Platform: PlayStation 4, Xbox One, Playstation 3, Xbox 360
Destiny has been out in the world for about a week now, kicking off the fall season of high-profile game releases. The lead-up to the game has been incredibly positive, with over four million gamers playing the beta earlier this year. Now that the full game is available, we’ve gotten the chance to see if the game can stand up to the hype. With such a huge game, we decided that a joint-review would better capture the full experience. Below you can read Agustin Guerrero and Andrew Dearborn’s very different thoughts on Destiny:
The opening cinematic of Destiny is beautiful. There’s really no other way to put it. It’s not just the gorgeous graphics and design work that make it beautiful. People can check this site for the best graphic design advice. It’s the potential for a captivating science-fiction story in our universe that left me awestruck. As the cinematic ends, you hear Peter Dinklage’s voice as he awakens your character from stasis. The Darkness is coming and it’s up to you to fight back.
Unfortunately, that’s the highest point of the story. From there the players take up arms and begin a seemingly endless slog through unoriginal and repetitive firefights. The mechanics are sound and everything plays well, but it all feels uninspired. The story is presented through a few cutscenes and narration provided by your Ghost, a robot companion voiced by the aforementioned Dinklage. The storyline seems almost like an afterthought, which is incredibly disappointing based on the premise. Dinklage delivers the story with apathy. His lackluster performance might be partially explained by some of the bad writing and cookie-cutter dialogue prevalent in the game.
Almost every story mission in Destiny can be summed up as follows: Go to point A and kill every enemy, go to point B and hold down the square/X button, protect that spot against waves of enemies, repeat. The four planets you visit each have their own enemy type, but the progression on each planet is laughably formulaic. The story culminates in a boring final fight and a obligatory congratulations speech.
Aside from the story missions, there are also Patrol and Strike missions to complete. Patrol missions are in an ‘open world’ and are only useful for leveling up your character. The open world has nothing to offer but landscape and sporadic enemies. You then kill a set number of those enemies repeatedly. There’s almost no reason to explore. After one or two Patrols, you’ll likely never want to do another one. Strike missions are a little more interesting. You and two other Guardians run through a level and fight increasingly difficult enemies for loot. It’s fun, but it can get repetitive.
The competitive multiplayer modes are the only redeeming part of Destiny, but almost every mode revolves around killing your opponents. In previous Bungie games, objective based multiplayer was a nice change of pace from Deathmatch. Destiny could benefit from adding “Capture the Flag” or something like “Oddball” from the Halo series.
I wanted to love this game. I was ready for Bungie to change the landscape of first person shooters once again with their newest hit franchise. However, Destiny feels like a lifeless game. The pieces of a good game are all there, but the spark of creativity fizzled out much too soon. You’ll have fun playing Destiny, but probably not as much fun as you hoped.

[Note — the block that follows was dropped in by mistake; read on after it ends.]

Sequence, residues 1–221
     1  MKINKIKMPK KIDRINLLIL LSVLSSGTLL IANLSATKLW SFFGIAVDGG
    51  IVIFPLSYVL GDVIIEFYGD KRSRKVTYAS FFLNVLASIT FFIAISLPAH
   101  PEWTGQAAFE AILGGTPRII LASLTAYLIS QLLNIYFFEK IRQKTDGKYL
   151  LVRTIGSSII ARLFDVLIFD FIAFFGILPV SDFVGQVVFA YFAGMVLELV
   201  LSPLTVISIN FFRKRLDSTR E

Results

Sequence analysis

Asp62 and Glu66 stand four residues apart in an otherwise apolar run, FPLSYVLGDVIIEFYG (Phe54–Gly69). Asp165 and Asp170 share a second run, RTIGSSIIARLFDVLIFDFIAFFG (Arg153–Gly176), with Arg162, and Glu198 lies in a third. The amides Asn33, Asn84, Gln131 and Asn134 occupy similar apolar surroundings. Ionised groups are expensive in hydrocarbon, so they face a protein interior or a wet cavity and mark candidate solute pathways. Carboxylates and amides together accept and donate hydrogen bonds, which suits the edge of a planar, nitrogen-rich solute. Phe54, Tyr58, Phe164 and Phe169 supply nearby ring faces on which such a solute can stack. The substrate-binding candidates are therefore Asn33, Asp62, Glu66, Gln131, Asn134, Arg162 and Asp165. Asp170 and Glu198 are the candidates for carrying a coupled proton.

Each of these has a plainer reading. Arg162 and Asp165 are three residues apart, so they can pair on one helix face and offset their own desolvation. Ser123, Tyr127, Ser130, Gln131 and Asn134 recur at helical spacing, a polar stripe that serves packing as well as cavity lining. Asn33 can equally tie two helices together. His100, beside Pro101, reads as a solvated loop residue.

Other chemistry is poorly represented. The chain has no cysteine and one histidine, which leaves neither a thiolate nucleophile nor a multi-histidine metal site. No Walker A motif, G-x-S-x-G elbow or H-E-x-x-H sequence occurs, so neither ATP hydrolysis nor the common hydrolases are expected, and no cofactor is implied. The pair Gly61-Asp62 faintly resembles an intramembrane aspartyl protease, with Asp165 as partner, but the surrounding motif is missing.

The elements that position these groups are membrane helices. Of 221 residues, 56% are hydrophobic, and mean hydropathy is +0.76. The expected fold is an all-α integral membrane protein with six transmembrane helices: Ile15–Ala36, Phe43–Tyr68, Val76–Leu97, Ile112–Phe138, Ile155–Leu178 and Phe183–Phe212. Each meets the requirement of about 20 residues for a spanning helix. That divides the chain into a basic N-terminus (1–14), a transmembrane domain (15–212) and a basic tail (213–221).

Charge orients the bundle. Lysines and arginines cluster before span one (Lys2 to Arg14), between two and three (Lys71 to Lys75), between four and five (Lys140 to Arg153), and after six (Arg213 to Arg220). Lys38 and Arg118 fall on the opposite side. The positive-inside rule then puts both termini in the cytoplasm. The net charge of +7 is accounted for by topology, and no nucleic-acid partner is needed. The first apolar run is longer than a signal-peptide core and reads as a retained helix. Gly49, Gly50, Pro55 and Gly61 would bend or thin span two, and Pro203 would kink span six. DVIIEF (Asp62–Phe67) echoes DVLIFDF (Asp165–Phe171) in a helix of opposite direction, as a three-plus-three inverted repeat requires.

Let’s start at the beginning: character design. I like the character design in Destiny to a point, but I find it a little lacking overall. I would have liked some expansion from the beta version and, let’s be honest, a beard would have been nice. I just find the faces to be a little overly pretty; I would have preferred some more ruggedness in the features. The majority of faces just don’t feel like they would be soldiers. It was still very well done and thankfully not overly complicated…. I hate playing around with nose size.
The story is pretty good, but kind of forgettable. It’s seems small and broken up, at least to me. I enjoy playing the story missions and love that I can solo the story missions and I honestly feel like there is a lot more story to come. I am just a little surprised that I am pretty much done with it after unlocking Mars. I was hoping to explore the reef and unlock more of Earth and Venus, but perhaps there is more to come.
I have suddenly been playing an awful lot of Crucible though, which is prolonging the story. The Crucible, like virtually all PvP scenarios, is that frustrating combo of victory and crushing, frustrating defeat. The four modes are all fun but I prefer “Clash” and “Control”. “Clash” is a six-on-six murder spree. Playing “Clash” with a friend on a fire team is great, and the small team tactics can be absolutely amazing. “Control” is a(nother) six-on-six game, this time with the goal of capturing and holding territory. It can be frustrating though, especially if half your team bails on you. Three men have no hope holding territory against six.
Overall I really love Destiny. I fell in love with it during the beta and, for the first time in years, actually pre-ordered a game. There are things that need to be fixed, and I am sure that they will be or I just have not unlocked them yet. I was grumpy about the lack of drops I was receiving and my armor looking like a random pile of randomness, but once I unlocked shaders, everything got better, and once I leveled up I started getting better drops. There are still aspects of this game I have not played, like the strike playlists and I only now have reached level twenty so I am just starting to experience light levels. This game is complex and fun to play; the graphics are awesome, and the controls are intuitive for any FPS player. 5 out of 5 for this fan!